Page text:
House committee tackles drug pricing
The House Health Policy Committee started work on legislation that would require drug manufacturers to file an annual report detailing their expenses related to producing drugs that cost $10,000 or more for an annual course of treatment. The bill was introduced by the committee chairman Rep. Hank Vaupel (R-Handy Township). HB 5223 was met with strong resistance by drug manufacturers who claimed that reports of their costs are already filed federally and that it is too difficult to assign research costs to specific drugs on the market. Manufacturers tried to pin the high cost of prescription drugs on Pharmacy Benefit Managers (PBMs) and others in the distribution chain that help get drugs to consumers. They claimed that the rebates given by manufacturers don’t reach consumers and that costs are higher in the U.S. because our entire healthcare system is more advanced than other countries.
Health plans and other groups support the legislation and pushed back that manufacturers with exclusivity have no limits on what they can charge. A lobbyist with Blue Cross Blue Shield pointed out that drug price increases, set by manufacturers not PBMs, have outpaced inflation and outpace hospital, retail and clinical costs collectively. These groups pointed out that multiple states have passed similar legislation and that long, exclusive patent rights have led to higher prices that sky rocket just prior to generics entering the market.
The annual report proposed in HB 5223 would require the following information be submitted to the state to be published in a searchable, electronic database:
- Total manufacturing and distribution costs
- Research and development costs (including any grants or government funded support)
- Purchase of a patent, licensing, or property rights costs
- Marketing and advertising
- Increases in the average wholesale price or wholesale acquisition cost
- Total profit expected from drug sales
- Prices charged to foreign consumers
The information required in the report must be authenticated by an independent auditor approved by the state. Drug manufacturers who fail to file an annual report would be subject to an administrative fine of $100,000. The committee chairman said a workgroup will be formed to discuss details and reach a product nearly everyone can support. Next step: House Health Policy Committee vote. MRA Position: Monitoring.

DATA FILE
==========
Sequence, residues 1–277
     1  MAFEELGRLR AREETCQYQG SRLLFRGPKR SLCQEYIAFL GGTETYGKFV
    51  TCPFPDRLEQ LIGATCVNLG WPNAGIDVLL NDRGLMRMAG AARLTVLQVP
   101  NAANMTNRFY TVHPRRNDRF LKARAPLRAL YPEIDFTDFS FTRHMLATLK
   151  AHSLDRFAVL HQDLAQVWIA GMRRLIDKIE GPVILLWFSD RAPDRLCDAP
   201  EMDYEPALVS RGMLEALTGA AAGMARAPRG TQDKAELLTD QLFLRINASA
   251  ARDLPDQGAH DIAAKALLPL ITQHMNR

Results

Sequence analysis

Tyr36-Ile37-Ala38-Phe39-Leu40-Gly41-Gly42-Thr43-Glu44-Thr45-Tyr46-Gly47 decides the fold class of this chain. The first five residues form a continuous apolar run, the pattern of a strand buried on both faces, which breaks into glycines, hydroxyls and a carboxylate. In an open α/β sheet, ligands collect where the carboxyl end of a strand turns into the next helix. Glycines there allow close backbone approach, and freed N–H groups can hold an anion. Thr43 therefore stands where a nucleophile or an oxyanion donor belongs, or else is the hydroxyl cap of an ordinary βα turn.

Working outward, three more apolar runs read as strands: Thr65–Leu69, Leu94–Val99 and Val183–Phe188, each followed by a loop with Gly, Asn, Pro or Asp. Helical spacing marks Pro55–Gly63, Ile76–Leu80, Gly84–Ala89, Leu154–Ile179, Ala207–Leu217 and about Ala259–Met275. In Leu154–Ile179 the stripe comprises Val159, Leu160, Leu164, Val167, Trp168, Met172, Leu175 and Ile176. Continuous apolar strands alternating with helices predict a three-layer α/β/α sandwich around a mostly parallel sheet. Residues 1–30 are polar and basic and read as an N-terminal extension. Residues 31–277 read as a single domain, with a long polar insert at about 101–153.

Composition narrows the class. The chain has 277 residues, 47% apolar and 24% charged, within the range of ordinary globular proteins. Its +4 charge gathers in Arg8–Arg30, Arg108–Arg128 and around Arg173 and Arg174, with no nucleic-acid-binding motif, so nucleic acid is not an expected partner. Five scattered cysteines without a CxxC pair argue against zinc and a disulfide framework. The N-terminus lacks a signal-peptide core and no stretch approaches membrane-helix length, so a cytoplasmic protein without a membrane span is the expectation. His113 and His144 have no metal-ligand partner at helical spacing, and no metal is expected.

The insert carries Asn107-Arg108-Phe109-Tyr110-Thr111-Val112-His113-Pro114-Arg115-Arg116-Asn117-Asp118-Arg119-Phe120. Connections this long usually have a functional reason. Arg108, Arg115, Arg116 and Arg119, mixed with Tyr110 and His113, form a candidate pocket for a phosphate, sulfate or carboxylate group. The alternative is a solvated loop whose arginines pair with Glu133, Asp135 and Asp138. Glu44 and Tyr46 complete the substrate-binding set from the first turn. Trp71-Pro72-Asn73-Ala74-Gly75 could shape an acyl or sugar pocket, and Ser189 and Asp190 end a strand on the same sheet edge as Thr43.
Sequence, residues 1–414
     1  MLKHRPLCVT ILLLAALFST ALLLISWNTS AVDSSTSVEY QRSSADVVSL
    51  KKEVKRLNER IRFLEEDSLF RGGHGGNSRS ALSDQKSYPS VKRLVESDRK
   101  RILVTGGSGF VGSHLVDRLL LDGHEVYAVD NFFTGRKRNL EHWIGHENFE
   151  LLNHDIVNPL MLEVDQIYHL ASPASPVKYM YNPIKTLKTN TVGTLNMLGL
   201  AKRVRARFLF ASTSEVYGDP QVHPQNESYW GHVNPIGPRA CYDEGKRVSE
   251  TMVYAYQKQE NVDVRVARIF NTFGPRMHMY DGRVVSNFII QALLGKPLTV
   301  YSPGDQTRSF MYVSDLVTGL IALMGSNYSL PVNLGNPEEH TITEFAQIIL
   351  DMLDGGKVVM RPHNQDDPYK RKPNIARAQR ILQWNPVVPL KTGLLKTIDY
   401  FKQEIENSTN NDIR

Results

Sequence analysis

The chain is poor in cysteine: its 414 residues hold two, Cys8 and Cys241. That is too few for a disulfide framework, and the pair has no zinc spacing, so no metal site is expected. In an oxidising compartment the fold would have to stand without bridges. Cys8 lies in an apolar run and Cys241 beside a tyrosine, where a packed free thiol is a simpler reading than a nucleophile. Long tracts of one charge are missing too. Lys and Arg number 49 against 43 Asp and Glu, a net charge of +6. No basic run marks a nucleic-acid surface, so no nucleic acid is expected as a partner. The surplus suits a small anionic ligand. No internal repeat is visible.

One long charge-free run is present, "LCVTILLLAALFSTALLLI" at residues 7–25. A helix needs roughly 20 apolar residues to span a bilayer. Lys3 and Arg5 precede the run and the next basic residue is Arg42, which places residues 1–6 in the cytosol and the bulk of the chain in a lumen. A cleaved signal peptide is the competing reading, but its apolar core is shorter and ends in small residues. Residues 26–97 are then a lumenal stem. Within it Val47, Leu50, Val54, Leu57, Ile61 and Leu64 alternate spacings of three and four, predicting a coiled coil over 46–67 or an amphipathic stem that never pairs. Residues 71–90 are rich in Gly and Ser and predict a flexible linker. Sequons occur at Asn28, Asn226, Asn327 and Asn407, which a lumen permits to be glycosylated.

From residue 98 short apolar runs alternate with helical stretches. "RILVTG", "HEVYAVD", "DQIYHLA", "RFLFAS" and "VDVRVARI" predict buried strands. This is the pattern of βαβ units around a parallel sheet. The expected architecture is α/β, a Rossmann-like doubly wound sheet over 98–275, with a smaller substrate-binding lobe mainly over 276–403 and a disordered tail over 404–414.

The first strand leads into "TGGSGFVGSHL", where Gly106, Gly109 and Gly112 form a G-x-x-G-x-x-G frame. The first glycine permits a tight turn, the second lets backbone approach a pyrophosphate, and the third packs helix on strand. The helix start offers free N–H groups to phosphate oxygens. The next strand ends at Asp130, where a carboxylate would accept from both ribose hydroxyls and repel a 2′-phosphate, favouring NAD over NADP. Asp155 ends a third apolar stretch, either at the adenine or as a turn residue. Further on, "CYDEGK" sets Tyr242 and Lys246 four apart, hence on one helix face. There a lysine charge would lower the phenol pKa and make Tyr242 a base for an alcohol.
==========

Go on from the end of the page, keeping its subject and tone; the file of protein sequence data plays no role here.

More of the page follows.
Anti-price gouging bills introduced
Legislation that would prohibit price gouging during a state of emergency, local emergency or disaster was introduced last week as HB 5714–5715. The bills would modify the Michigan antitrust reform act to prohibit a contractor or business from charging a price that exceeds the highest price charged by that business over the previous 180 days. Building materials, food and beverages, gasoline, goods, medical supplies and housing would all be covered. The price restrictions would remain in place for the 30 days following the emergency or disaster. The definition of emergency includes warnings of terrorist attacks and severe weather. Violators would be subject to a civil fine of up to $25,000 for each violation.
The bills do allow for price increases if a business can prove the increase comes from costs passed on by the supplier and the increase in price charged to consumers is not more than the actual cost incurred by the business and/or the business’ normal markup. It’s clear these bills are an attempt to prohibit bad actors from taking advantage during an emergency but they could create a regulatory nightmare for any business that must verify a price increase is due to factors outside of its control. MRA will monitor these bills closely and encourages members to submit comments related to these proposed regulations. Next step: House Commerce and Trade Committee. | MRA Position: Monitoring.
Drone bills move onto next target: full house
The House Communications and Technology Committee reported legislation last week that would codify several of the recommendations made by the Unmanned Aerial Taskforce last fall. HB 5494–5498 would clarify that a drone is an extension of self for purposes of any crimes committed, prohibit using them in a manner to interfere with key facilities (certain manufacturing facilities, refineries, utility facilities, water treatment facilities and others as defined under the Michigan Penal Code) and establish an aeronautics commission. Knowingly using a drone to interfere with the operations of a key facility would be a felony punishable by four years in jail and/or a $2,500 fine.
The committee adopted substituted versions of HB 5495-5495 and HB 5497-5498 that further clarify definitions used in the bills. Other changes to the bills include the addition of corrections facilities and employees, sites identified by the FAA as fixed sites and an exemption from these prohibitions for commercial operators following FAA guidelines. Next step: House floor. MRA Position: Neutral.
- Beer and wine license quotas in rural areas: HB 5719 introduced last week seeks to address what is considered an oversight in current law. Currently businesses in cities, villages and townships with less than 1,000 residents cannot obtain a SDM license to sell beer and wine. HB 5719 would add a quota of one license per small town. Next step: House Regulatory Reform Committee. | MRA Position: Support.
- Latex glove use: Restaurants and delicatessens (businesses with a food service establishment license) that use latex gloves may be required to post a notice to consumers if HB 5724 is approved by the legislature. The bill was introduced last week and would require a posted allergy notice visible to consumers. Next step: House Agriculture Committee. | MRA Position: Monitoring.